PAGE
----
When bison roamed the area they grazed upon the nutritious herbaceous vegetation.  While they wandered about seeds became embedded in their hair, particularly in the thick, wooly hair on their heads.  Many of these seeds actually evolved to take advantage of this hitch-hiking form of dispersal.  

Bison hooves are specialized prairie management tools.  Unlike cattle or horse hooves, bison hooves are not flat on the bottom.  Each hoof is equipped with a cutting edge that coupled with the intricacies of the bison gate, causes each step to disturb the soil crust.  Every step breaks the hardened soil surface allowing for increased water absorption and helping to prevent surface runoff and the resulting erosion.

While we can’t reintroduce bison into the Tandy Hills prairie system, we can strive to simulate the impacts of their grazing.  This fall, we will be utilizing “artificial grazing” to manage the prairie areas along View St. by cutting and baling native grass hay on the areas.  Haying removes the upper layers of the herbaceous vegetation (like bison grazing) and the baler’s pick-up tines scratch the surface of the ground (like bison hooves) while they spin to pick up the cut grass.  

Unlike traditional haying activities where the hay is destined to be fed to livestock, this native grass hay will be used in other prairie restoration activities within Tandy Hills Natural Area.  The native vegetation, along with a plethora of viable, local ecotype seeds, will be used to prevent erosion in areas that have been cleared of brush or disturbed during trail construction which will spread the seeds much in the same way as the bison did originally.

Assuming that we have sufficient winter and spring rains, the View St. prairies should put on a real wildflower show next spring and we will be better able to manage other facets of the area as well.


Native grass hay baling coming soon to Tandy Hills.

5) Halloween Flashback

A macabre event happened at Tandy Hills in 2011 and was faitfully reocrded by me and posted here, for those who dare. WARNING:  It's all true.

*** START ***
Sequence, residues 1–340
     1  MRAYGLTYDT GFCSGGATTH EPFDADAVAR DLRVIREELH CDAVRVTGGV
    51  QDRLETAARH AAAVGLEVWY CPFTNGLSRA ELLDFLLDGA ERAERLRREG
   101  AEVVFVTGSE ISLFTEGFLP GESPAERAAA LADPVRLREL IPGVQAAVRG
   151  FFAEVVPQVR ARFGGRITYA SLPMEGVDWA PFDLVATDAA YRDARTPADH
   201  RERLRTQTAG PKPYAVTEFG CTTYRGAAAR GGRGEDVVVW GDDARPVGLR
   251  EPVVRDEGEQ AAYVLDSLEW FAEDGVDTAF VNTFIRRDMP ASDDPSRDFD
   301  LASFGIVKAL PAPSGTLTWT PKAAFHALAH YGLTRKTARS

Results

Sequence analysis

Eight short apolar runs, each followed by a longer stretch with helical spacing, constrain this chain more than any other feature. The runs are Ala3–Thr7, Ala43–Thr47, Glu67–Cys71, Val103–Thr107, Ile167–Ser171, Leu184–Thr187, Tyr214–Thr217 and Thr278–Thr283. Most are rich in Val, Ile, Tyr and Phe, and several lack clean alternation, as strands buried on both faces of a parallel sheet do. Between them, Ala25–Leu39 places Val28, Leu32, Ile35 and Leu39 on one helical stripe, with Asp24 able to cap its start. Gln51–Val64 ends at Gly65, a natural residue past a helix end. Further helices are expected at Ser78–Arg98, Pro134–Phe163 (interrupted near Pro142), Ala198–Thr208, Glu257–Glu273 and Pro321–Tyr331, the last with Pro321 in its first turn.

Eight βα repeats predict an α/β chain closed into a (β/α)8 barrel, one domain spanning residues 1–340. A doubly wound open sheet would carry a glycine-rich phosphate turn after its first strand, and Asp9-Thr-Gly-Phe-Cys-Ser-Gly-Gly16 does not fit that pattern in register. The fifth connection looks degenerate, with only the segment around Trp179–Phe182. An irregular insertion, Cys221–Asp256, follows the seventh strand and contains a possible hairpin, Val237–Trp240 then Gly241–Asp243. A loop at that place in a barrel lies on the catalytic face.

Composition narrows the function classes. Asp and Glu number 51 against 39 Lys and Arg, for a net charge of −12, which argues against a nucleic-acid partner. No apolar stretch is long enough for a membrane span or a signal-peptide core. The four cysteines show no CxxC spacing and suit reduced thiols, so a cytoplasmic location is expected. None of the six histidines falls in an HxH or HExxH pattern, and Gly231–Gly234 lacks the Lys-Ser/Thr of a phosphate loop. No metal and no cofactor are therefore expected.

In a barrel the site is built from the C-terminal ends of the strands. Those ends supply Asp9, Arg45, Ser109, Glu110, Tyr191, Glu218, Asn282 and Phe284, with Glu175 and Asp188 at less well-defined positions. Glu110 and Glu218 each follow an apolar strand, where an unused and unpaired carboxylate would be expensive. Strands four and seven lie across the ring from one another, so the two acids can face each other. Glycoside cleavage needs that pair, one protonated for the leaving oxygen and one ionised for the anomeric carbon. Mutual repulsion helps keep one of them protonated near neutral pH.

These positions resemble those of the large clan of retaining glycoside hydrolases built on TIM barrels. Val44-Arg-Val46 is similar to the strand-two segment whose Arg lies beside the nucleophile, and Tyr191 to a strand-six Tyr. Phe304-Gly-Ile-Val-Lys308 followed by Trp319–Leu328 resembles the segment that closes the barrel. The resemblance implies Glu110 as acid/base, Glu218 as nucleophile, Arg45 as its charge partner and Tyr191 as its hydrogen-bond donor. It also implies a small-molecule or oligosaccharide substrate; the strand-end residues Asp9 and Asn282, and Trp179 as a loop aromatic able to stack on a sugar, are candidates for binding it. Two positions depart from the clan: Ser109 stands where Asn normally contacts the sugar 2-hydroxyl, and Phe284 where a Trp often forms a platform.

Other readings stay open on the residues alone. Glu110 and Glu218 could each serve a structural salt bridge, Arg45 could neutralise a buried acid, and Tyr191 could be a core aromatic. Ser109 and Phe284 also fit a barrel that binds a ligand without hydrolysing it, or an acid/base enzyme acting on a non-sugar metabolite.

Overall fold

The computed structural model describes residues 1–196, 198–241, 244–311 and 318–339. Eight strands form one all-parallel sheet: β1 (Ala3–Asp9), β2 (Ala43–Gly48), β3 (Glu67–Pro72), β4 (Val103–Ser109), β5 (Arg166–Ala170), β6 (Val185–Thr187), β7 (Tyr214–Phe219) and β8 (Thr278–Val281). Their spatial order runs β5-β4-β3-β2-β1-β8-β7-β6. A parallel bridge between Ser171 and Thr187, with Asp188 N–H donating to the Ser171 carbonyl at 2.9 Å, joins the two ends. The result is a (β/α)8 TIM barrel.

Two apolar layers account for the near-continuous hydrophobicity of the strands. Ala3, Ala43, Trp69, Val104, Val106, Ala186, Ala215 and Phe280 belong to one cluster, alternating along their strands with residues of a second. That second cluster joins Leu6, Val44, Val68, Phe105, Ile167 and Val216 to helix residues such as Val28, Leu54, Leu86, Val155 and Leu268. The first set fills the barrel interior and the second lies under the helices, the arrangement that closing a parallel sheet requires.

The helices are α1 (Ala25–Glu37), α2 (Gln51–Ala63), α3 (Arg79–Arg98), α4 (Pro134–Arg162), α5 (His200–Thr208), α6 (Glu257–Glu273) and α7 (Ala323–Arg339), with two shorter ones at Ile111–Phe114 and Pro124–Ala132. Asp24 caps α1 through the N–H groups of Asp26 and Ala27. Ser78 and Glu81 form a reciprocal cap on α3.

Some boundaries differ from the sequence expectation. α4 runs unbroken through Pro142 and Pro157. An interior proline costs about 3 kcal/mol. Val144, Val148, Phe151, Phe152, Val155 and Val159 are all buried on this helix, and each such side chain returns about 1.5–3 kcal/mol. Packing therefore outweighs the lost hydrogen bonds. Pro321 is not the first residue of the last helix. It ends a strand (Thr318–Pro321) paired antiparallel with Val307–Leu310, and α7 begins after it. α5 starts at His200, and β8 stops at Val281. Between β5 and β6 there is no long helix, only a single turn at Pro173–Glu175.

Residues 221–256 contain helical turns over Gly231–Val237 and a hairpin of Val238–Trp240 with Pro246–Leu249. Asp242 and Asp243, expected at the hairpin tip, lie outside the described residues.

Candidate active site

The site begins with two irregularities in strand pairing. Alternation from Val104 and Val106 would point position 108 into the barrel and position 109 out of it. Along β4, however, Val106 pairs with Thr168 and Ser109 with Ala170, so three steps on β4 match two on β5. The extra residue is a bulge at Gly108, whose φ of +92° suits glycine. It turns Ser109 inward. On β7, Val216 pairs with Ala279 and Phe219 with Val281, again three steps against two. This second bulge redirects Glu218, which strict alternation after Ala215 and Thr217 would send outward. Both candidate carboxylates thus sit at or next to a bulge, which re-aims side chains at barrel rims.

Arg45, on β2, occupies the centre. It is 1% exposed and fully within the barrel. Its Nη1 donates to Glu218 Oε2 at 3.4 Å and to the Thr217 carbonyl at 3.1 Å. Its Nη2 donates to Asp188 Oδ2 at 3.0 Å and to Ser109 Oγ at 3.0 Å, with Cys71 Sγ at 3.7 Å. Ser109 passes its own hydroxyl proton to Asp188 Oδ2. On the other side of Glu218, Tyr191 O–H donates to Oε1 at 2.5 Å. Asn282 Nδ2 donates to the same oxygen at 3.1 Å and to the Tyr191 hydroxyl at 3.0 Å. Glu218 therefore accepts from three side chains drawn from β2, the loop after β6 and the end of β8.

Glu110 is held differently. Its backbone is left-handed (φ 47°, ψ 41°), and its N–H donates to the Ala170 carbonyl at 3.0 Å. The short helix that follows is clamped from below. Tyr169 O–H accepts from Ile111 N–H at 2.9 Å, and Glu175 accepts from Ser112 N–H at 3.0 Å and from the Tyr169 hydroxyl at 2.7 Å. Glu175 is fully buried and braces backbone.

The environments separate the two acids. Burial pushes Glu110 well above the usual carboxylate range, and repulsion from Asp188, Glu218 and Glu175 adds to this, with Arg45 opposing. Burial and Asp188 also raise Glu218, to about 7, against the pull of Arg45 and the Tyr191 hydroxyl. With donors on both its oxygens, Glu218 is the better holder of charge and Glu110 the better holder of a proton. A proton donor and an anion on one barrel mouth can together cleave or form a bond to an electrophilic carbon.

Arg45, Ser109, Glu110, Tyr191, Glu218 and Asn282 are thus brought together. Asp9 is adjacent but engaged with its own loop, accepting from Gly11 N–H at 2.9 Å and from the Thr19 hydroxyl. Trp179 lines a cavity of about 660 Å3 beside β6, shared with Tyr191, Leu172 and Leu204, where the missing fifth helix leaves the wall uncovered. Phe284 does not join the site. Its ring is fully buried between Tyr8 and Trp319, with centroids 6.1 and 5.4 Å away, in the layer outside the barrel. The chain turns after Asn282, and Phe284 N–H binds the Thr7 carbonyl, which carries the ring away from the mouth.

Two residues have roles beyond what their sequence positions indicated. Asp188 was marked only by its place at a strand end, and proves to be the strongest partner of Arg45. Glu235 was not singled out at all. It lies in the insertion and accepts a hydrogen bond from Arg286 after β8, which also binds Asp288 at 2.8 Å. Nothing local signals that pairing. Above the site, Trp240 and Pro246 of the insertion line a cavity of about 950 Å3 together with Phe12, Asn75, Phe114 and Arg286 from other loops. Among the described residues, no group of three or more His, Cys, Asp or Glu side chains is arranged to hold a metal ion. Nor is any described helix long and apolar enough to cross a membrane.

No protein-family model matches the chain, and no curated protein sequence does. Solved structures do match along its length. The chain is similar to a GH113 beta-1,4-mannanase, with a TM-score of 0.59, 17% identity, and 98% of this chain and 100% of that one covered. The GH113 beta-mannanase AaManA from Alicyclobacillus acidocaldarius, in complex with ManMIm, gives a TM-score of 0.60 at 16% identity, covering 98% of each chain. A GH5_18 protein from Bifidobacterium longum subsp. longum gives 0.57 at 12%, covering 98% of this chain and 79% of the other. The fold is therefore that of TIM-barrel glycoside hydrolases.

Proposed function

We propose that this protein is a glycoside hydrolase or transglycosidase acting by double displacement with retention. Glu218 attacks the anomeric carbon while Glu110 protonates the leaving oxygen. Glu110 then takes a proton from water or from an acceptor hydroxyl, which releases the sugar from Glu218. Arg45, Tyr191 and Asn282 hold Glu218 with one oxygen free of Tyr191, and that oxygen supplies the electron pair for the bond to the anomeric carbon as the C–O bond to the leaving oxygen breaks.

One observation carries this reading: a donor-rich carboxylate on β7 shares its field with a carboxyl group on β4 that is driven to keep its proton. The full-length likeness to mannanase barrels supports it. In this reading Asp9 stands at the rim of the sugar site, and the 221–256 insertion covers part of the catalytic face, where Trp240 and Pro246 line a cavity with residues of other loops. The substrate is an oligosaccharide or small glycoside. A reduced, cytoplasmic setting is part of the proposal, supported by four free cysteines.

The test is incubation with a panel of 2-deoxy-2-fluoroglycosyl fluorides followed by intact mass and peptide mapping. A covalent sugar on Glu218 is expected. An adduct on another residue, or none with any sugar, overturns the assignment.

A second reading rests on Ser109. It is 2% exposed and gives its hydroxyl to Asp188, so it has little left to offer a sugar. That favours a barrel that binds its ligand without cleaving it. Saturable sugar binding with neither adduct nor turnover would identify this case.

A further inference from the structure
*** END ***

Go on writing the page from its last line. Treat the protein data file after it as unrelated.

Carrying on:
http://www.tandyhills.org/notes/engulfed-death-car-tandy-creek

6) Giving Day Report

After a 32-day fundraising campaign, North Texas Giving Day is history. Friends of Tandy Hills did well. We received 42 donations totaling, $2,740. Communities Foundation of Texas who sponsored the event will add an additional donation to our coffers. Many thanks to all who contributed especially the nine NEW donors.

Special thanks to Jen Schultes for designing the daily campaign around photos taken at Tandy Hills by Don Young and inspiring nature quotes.

See the whole shebang campaign here: http://www.tandyhills.org/campaign2015

7) 2nd Annual Sunset Hike Scheduled

The 2nd annual Sunset Hike will take place at Tandy Hills on Saturday, October 24. Meet at the Hawk Trailhead at 5:30 p.m. The hike will last less than an hour. RSVP here: info@tandyhills.org

8) Wild Again, Naturally

In a new tradition that began last spring, Friends of Tandy Hills is sponsoring a Fall edition of a Wild Foods Walk with Bryan and Debbie Pierce on October 17, 10 am - Noon.

The walk/talk is free but donations are encouraged for the tour leaders. The walk starts along the main Hawk Trail ridge where we stopped last Spring. It's time to harvest tasty persimmon and Hackberry fruit. Yum!  


Bryan & Debbie Pearce know their wild things.

9) Prairie Proverb

"When I would re-create myself...I enter as a sacred place, a Sanctum sanctorum.  There is the strength, the marrow, of Nature."

- Henry David Thoreau, Walking, 1851 

 
Prairie Notes© is the official newsletter of Friends of Tandy Hills Natural Area, a 501 (c)(3) non-profit organization. All content by Don Young except where otherwise noted.